When it comes to learning how to sew garments, there is another big issue. Because fashion students sign up for their classes hoping they will be able to learn how to design for plus-size people, for people who look like them, and for those who don’t want a gender attached to the clothes they are wearing. But the biggest dress forms are often size 9, and the pattern books and syllabus are structured by womenswear and menswear. Where’s the space between binary genders in fashion education, and where are the plus-size patternmaking classes that the students are hoping to have? 

The limitations of body sizes in mannequins and dress forms impact the lack of diversity in the clothes emerging fashion designers are producing. Image Courtesy of Philadelphia Magazine. 

 This diversification can only be accomplished when you diversity fashion education, including faculty, students, and staff. It is the students who bring their personal history with clothes and their culture as a source of inspiration that becomes an important asset to their fashion journey, which then helps the other classmates to learn something about a different culture or another aspect of fashion. It is the faculty who needs to be able to connect with the diverse body of students in a profound way. Listening to why the students want to make the clothes they want to make. Understand where their point of view is coming from and why this is important.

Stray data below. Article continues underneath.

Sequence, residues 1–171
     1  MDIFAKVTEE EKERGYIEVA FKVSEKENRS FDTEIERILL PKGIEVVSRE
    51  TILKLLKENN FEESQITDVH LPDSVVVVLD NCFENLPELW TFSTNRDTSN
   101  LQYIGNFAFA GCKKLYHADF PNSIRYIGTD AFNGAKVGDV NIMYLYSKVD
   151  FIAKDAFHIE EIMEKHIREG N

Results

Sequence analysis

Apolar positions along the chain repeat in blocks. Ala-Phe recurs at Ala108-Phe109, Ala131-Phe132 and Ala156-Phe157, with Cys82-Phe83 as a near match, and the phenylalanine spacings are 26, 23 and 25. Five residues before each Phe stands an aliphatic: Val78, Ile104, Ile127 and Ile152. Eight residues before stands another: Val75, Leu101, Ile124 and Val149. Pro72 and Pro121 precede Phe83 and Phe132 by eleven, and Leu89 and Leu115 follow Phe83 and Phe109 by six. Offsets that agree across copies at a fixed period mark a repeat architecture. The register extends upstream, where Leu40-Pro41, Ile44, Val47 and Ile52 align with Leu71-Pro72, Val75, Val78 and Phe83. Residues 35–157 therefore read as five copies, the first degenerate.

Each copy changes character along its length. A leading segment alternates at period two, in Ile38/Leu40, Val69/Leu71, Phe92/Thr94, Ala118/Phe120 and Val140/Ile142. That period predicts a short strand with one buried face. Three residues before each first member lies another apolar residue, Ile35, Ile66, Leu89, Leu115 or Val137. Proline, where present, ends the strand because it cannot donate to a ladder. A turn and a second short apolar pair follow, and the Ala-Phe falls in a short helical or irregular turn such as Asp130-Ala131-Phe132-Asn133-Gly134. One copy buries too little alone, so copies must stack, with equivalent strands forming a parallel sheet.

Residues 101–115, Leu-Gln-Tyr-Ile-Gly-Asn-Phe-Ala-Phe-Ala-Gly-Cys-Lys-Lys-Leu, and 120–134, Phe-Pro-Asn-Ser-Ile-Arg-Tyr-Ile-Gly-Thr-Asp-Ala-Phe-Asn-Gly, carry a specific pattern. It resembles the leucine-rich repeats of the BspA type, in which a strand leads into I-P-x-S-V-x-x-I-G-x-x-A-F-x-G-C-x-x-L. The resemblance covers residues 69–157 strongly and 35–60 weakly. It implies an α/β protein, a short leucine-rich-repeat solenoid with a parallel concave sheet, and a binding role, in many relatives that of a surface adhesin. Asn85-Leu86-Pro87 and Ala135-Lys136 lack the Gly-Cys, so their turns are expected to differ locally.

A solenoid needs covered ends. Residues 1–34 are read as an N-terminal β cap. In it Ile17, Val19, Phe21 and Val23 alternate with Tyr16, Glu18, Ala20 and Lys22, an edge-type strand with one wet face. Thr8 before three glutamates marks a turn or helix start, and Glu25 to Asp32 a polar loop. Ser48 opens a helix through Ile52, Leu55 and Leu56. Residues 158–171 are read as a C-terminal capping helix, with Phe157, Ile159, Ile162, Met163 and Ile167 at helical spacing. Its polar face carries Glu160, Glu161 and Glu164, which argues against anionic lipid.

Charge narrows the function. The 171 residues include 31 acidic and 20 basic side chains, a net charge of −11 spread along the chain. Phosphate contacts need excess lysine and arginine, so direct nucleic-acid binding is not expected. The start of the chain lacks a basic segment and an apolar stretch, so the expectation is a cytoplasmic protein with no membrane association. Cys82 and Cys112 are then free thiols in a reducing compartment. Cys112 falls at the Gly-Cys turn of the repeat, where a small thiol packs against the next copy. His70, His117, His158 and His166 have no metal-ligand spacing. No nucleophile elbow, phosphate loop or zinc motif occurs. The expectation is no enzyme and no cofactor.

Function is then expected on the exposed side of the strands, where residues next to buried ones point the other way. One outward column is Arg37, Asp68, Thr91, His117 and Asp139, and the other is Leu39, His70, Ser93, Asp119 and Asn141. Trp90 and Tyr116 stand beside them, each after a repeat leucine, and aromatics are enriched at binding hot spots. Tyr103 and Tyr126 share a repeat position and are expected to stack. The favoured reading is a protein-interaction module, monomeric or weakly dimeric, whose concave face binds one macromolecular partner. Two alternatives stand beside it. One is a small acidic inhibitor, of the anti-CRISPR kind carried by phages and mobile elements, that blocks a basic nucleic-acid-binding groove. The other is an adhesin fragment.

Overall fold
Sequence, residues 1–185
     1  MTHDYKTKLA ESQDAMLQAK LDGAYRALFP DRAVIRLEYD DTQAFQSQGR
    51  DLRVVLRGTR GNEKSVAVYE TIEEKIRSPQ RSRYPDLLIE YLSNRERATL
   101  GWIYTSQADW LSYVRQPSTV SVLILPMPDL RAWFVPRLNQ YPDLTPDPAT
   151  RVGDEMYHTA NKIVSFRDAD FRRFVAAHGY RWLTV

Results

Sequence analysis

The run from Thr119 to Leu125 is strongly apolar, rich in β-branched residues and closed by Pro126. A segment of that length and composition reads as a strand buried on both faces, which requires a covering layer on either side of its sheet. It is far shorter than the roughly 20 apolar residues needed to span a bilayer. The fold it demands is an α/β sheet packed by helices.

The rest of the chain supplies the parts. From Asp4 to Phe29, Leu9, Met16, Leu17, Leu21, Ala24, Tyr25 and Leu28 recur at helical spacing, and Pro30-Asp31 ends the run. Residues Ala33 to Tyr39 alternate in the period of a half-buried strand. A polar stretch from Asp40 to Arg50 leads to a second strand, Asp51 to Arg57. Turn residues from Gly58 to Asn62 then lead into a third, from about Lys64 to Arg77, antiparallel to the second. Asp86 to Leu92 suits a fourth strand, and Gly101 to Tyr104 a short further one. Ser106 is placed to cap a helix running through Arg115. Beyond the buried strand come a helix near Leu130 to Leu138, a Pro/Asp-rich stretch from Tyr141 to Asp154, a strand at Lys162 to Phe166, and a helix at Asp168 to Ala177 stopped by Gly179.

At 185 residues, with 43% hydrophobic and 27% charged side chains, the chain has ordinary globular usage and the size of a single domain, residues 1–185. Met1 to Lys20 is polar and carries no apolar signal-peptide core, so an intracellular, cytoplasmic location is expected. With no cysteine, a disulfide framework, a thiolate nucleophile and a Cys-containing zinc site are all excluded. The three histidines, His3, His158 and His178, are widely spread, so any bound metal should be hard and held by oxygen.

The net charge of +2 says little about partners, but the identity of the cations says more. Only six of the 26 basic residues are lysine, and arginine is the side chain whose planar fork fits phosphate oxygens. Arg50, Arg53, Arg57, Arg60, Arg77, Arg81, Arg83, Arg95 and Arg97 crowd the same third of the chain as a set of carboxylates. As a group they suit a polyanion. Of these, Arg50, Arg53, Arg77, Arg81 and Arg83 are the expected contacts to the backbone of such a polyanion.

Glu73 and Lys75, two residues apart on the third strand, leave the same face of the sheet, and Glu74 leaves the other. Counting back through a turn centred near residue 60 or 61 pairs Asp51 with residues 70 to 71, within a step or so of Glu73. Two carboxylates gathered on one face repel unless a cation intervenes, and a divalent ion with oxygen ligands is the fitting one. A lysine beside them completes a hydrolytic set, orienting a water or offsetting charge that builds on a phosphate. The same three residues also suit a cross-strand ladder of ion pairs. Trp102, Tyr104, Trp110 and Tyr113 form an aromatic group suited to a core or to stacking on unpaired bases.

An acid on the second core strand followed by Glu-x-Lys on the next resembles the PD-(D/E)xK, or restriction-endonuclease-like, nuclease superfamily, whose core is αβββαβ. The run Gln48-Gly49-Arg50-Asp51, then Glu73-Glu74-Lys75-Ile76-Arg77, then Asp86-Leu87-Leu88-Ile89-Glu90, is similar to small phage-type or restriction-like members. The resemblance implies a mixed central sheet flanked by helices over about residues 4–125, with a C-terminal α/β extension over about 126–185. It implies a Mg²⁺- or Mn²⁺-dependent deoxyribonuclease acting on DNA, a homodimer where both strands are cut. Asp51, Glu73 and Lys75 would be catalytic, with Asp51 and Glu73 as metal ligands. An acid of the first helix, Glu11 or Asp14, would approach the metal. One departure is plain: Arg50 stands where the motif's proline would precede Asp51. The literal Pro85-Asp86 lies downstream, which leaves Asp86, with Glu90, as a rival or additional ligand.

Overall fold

There are stories of privilege and stories of oppression. There are stories of success, and stories of loneliness, and struggles. Diversifying fashion education can help people from different backgrounds to learn from each other and connect their stories of privilege and oppression, success, and loneliness, to feel heard and produce the work they were hoping to produce when they enrolled in fashion school in the first place. 

Moreover, faculty in fashion schools need to teach fashion from different points of view. The world doesn’t need a whole senior class of designers every year who is only designing for the top 1%. The clientele goes to red carpets and has public appearances due to their full-time job. We need fashion designers who can and want to create clothes for the rest of the world. Because if they are not educated on addressing the diversity of backgrounds in the fashion market, they arrive at the workforce creating clothing based on assumptions. Fashion schools need to address the importance of considering diversity when designing, and one of the very first steps to do so, is to diversify the faculty, and staff who lead these fashion programs. 

Diverse creative talent

Next in Fashion does a great job representing talent from different backgrounds in fashion. Image Courtesy of Netflix. 

Gabrielle “Coco” Chanel was very offended by the fact that most men were designing clothing for women. Chanel believed that it is a woman who is able to understand the body, the thought process, the challenges and struggles, and the vision of a woman’s life behind every piece of clothing they wear, something that men would simply not be able to experience firsthand.